I-will-eat-your-heart motivation, then he couldn't respond to
anything. By Saturday night he had a solid plan for what he
wanted to do against Gonzalez and a large hyena embroidered on
the right leg of his boxing shorts. (Is this a boxing first?
Heavyweight champ with hyena on shorts? Researchers are checking
even as you read.) He never will look like a bodybuilder, but
the 6'5", 243-pound Bowe was in fighting shape.
"Gonzalez," Bowe promised, "is going to meet the biggest,
baddest hyena he's ever seen."
Almost as soon as the inspiring prefight HBO feature on
Gonzalez, Born to Hate, was finished, the fight was finished.
The biggest, baddest hyena put a big, bad right to the lion's
noggin midway through the first round, and the lion was slow and
awkward and quite tame the rest of the way. Bowe's strategy was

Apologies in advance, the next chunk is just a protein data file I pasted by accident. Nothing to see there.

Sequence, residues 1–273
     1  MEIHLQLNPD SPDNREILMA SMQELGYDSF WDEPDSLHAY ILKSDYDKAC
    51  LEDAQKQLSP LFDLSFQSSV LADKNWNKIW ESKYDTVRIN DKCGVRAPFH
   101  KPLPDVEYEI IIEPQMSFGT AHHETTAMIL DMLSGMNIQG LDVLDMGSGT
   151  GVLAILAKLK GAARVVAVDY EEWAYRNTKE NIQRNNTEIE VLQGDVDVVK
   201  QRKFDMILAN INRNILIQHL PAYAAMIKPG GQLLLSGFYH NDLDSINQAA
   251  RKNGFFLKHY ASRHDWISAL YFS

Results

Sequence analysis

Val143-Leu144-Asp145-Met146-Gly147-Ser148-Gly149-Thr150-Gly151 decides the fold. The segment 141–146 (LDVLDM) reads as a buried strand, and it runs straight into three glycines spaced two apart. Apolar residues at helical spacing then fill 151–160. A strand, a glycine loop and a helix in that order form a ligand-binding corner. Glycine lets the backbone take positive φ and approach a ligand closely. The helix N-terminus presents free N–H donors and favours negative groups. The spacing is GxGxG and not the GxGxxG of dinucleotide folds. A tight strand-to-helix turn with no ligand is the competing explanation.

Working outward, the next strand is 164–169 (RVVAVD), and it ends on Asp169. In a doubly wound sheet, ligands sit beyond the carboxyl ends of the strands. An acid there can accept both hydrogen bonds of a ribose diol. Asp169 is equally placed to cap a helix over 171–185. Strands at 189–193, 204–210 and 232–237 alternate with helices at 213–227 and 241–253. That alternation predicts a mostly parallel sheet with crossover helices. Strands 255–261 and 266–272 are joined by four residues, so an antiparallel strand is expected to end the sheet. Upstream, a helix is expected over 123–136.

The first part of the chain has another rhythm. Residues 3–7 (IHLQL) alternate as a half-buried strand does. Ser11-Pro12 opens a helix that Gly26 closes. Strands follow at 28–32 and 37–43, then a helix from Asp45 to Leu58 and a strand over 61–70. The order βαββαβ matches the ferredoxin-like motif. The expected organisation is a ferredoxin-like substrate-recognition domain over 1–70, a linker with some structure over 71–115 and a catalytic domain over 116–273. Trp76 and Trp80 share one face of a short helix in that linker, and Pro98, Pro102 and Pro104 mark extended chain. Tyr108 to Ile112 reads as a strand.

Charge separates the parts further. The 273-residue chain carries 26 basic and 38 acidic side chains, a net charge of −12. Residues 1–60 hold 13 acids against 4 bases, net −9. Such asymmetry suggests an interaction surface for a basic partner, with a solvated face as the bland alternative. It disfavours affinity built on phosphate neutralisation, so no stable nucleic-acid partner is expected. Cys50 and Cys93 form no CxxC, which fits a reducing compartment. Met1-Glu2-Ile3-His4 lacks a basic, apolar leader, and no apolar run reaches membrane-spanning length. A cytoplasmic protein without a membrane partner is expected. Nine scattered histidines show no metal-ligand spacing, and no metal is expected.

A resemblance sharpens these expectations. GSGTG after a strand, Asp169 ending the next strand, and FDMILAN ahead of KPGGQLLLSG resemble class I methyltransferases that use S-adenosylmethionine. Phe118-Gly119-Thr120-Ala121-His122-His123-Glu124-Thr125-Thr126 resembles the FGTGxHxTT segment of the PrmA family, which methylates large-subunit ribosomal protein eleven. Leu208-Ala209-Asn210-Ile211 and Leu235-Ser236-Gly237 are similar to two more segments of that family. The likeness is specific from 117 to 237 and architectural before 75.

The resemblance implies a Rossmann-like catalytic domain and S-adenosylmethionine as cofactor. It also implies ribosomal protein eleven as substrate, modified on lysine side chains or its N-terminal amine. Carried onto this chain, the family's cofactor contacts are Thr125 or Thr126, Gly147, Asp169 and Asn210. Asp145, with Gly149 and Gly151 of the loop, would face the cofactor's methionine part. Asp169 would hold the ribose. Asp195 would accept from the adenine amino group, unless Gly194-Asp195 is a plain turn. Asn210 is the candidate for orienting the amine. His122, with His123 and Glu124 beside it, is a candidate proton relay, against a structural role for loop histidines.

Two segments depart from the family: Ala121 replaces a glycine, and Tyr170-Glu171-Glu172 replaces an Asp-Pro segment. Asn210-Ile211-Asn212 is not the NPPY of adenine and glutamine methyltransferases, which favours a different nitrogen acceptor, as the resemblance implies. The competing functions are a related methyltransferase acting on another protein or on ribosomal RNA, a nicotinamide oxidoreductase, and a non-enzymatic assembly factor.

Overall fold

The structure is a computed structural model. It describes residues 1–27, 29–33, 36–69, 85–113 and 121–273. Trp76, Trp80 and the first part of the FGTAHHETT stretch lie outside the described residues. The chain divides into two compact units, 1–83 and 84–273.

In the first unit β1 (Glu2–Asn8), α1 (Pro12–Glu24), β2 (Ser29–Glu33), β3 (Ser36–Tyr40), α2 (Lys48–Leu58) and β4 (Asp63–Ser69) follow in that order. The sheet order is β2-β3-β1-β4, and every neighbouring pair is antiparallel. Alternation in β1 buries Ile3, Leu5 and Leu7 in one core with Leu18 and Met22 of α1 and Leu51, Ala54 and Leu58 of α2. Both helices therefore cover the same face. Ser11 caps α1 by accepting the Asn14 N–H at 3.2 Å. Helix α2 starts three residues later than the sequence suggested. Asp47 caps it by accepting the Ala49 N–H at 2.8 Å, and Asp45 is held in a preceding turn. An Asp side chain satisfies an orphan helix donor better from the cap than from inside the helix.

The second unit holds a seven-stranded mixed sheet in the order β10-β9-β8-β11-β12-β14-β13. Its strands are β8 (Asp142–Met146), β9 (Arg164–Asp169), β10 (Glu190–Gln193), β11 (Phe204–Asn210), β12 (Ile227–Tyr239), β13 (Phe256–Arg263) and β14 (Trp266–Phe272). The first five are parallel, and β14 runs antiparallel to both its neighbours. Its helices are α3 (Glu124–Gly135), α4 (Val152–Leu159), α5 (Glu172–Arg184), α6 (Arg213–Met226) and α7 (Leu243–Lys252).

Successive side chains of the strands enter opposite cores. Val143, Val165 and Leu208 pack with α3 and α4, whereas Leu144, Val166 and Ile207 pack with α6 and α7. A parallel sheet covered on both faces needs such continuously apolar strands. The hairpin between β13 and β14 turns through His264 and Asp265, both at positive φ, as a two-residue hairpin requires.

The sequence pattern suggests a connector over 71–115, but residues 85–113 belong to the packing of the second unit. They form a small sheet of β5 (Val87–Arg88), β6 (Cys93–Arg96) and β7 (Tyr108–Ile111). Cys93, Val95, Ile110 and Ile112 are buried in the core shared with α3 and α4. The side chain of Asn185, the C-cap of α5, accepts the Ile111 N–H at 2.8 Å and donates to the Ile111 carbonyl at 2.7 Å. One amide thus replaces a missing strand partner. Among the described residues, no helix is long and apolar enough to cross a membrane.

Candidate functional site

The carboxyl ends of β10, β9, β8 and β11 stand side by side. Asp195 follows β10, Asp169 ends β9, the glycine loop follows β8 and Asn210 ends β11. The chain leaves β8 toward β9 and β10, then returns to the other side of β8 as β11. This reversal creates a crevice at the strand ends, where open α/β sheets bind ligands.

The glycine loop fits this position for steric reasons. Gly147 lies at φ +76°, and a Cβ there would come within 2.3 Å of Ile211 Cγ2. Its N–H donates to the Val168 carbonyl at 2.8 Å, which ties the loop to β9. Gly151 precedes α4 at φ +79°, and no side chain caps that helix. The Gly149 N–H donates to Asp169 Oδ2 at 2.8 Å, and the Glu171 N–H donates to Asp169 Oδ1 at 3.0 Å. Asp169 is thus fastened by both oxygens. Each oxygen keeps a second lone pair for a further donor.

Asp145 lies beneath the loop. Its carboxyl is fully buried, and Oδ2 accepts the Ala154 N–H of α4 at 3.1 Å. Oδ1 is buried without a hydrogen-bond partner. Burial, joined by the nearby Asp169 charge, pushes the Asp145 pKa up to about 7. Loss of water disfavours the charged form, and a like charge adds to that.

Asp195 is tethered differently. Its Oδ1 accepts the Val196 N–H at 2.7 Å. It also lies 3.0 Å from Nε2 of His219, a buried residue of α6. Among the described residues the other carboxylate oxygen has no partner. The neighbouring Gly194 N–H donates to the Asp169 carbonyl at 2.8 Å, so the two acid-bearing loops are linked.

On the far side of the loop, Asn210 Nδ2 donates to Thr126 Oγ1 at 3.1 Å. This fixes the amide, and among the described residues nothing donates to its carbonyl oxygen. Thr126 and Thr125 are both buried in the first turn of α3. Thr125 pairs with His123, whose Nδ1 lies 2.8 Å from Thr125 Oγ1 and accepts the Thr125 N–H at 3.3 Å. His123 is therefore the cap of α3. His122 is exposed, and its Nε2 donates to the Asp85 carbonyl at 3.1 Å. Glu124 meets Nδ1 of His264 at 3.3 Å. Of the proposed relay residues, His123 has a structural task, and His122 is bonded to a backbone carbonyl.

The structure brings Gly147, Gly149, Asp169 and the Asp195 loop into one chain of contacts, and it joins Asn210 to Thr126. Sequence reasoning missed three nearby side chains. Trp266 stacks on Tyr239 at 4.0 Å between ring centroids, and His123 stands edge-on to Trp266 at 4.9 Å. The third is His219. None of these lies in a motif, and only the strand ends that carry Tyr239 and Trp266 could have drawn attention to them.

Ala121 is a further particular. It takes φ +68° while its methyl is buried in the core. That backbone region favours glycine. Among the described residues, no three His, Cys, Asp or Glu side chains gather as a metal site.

to beat him with jabs, to control him, to move him to the ropes
and then to pound him down. This was exactly what happened.
Gonzalez was wobbly in every round and took the final series of
blows, a heavy right off a faked left jab at 1:50 of the sixth,
that sent him to the canvas to stay. Lane, the referee, thought
of medical assistance rather than finishing the count.
Bowe's contention now is that he is the best heavyweight at work
today. There might be three other heavyweight champions at the
moment -- George Foreman (IBF); Oliver McCall (WBC); and Bruce
Seldon (WBA) -- plus a certain fighter fresh out of the Indiana
state prison system who draws more publicity, but who has had a
more impressive recent fight? Who has more promise to fight even
better fights? Bowe's manager, Rock Newman, is feuding with all
of the parties in charge of all of the other champions, plus the
ones running that fighter fresh from Indiana, so the future is
murky, but Bowe is a definite big-money attraction again. The
proposed schedule has a rubber match with Holyfield in November,
but anything could happen.
"It's the man who makes the belt," Newman thundered in
presenting Bowe's case. "It's not the belt that makes the man."
Riddick Bowe now makes this belt, at least, look fine.
Twenty months are done. Big Daddy is on the right road again.